Meet Sniffkin, a brave 11 year old Border Terrier who was very sick a few weeks ago. Sniffkin was brought to Hollybank one Saturday morning as he had vomited throughout the night and seemed very unwell. Sniffkin was dehydrated with a very painful abdomen. He would flinch when his belly was touched and it was clear from the outset that controlling his pain needed to be a priority.
Sniffkin was admitted for further investigations as it was not possible to say from examination alone what was causing him to be so under the weather. He benefited from strong pain relief called methadone which is similar to morphine but has fewer side effects. Sniffkin was treated with a drip and blood tests showed he had very high liver enzymes. These elevations caused suspicion that Sniffkin’s liver could be involved in the illness. However, further investigation was needed as liver enzymes can increase in response to abnormalities in lots of other area in the body.
An ultrasound scan of Sniffkin’s abdomen was carried out. We were looking for abnormalities in his liver tissue, perhaps even a tumour as Sniffkin is quite an elderly gentleman. We also needed to check the stomach and the rest of the gastrointestinal tract in case there was an obstruction there. We kept our eyes peeled for any signs of abnormal fluid accumulation (free fluid) in the abdomen that might indicate serious inflammation or even a rupture. It was a very worrying time for Sniffkin’s owners who were waiting at home, desperately hoping Sniffkin would pull through. No significant abnormalities were seen on the scan at this stage and over the course of the weekend, Sniffkin’s demeanour improved in response to the treatment he was receiving.
It was good news that Sniffkin seemed to be feeling better but still we didn’t have an explanation for the high liver enzymes. This is not an uncommon scenario; sometimes blood tests show up abnormalities that are not linked to the signs we are treating. Part of our detective work involves deciding what is significant and to what extent and at what time it should be followed up.
We didn’t have to wait long for the next development as Sniffkin’s condition deteriorated on the Sunday night. He began vomiting again and we knew we would have to repeat some steps to see if anything was changing. Again, this is an important part of our diagnostic work up. Often subtle changes in our findings are even more significant than any one result. Sniffkin’s story is a good example of this!
Since Sniffkin had benefited from stabilisation on the drip and pain relief, we were able to get a more thorough look inside his abdomen at the time of the second scan. The “free fluid” accumulation we had been looking out for was now present, albeit in a very small amount. This was an indication that we needed to track down a source of severe inflammation in the abdomen. The fluid was seen close to the liver which provided a clue that the source of inflammation would be close to the liver. With gentle persistence, we got a good look at Sniffkin’s gallbladder.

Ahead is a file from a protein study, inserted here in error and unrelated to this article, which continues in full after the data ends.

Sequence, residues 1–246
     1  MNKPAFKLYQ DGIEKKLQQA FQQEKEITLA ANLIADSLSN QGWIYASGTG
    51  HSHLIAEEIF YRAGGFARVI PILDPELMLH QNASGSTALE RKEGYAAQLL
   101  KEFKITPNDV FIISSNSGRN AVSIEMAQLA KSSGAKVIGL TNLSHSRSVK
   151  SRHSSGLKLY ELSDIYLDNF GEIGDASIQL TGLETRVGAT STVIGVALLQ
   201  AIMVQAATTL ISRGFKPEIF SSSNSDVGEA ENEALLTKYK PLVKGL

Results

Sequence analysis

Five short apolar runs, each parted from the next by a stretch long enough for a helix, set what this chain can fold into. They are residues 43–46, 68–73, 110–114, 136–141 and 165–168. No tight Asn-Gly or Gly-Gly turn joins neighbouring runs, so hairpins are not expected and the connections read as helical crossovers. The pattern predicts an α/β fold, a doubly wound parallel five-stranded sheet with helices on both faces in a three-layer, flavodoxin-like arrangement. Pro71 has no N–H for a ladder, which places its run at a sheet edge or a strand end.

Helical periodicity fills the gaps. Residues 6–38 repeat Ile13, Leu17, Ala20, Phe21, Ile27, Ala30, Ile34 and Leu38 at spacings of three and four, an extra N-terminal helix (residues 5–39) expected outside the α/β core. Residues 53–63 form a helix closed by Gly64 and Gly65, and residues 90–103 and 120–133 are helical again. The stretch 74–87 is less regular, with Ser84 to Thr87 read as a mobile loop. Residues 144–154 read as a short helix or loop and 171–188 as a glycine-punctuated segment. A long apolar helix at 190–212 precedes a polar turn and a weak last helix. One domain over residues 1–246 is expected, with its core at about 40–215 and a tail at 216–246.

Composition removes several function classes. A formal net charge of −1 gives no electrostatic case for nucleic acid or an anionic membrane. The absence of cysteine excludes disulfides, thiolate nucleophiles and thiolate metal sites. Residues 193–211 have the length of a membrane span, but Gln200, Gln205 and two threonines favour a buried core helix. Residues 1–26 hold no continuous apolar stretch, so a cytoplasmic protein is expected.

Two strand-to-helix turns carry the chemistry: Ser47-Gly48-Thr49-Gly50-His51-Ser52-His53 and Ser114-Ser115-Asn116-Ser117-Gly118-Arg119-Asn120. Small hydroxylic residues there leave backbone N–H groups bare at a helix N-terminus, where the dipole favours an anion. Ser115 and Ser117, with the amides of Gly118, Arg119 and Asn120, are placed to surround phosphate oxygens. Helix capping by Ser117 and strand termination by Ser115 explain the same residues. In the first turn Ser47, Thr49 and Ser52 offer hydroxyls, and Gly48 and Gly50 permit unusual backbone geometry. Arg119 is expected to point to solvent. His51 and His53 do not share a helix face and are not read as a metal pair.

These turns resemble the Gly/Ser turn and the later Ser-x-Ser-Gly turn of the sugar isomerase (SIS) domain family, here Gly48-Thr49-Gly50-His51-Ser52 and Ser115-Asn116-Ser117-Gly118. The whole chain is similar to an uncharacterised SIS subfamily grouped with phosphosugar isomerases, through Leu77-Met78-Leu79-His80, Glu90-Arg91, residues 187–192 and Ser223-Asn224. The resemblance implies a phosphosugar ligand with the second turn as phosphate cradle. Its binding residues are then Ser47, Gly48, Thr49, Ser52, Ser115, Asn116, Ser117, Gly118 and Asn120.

Immediately, it was clear that the contents of the gall bladder were very abnormal. The fluid within the gall bladder is called bile and on a normal scan it appears black. In Sniffkin’s case, the gall bladder and its contents had a solid, star shaped appearance. We now had reason to suspect the gall bladder was obstructed, preventing bile flowing out to aid digestion in the normal way. The star-like appearance on the scan was because the bile had turned into a semi-solid jelly-like consistency and was sticking to the walls of the gall bladder. This is called a gall bladder mucocoele. The fluid accumulation in the abdomen meant there was a high chance the gall bladder had ruptured causing life-threatening inflammation and infection.
Sniffkin’s worried but dedicated owners had a very difficult decision to make. The only treatment for a mucocoele like this is surgery to remove the obstructed gall bladder and to flush the abdomen thoroughly. Although absolutely necessary, the surgery carries quite high and specific risks. Antibiotics, ongoing pain relief and intravenous fluids are required but without surgery, they would not be an effective treatment. Sniffkin’s owners had only a very short space of time in which to make a huge decision. Their little boy was now an emergency case and would need specialist surgery and aftercare as soon as possible if he was to have a chance of making a recovery. The only other option would be for Sniffkin’s mum and dad to make a devastating decision. To complicate matters further, in common with a lot of older patients, Sniffkin has an unrelated condition in his spine that a prolonged recovery period could destabilise. For Sniffkin’s devoted owners, this was a terribly difficult time. They bravely decided to pursue referral for specialist surgery. Sniffkin was taken to a nearby specialist hospital and had surgery that morning whilst everyone waited anxiously for news.
Thankfully, this wonderful patient made it through surgery and day by day, showed subtle signs of improvement. The risk of losing him however was still high and he was cared for intensively for several days. Sniffkin is a sensitive boy, devoted to his adoring mum and dad. He didn’t much enjoy his period of hospitalisation away from them. Because he would only eat for his mum and dad, he had to be discharged earlier than planned! Once home, Sniffkin went from strength the strength. He has post operative checks at Hollybank and with his specialist. His latest blood tests have shown a dramatic improvement in his liver values. We are delighted to report this fantastic little boy has made a full and very welcome recovery- Keep an eye out for him on his walks around the village!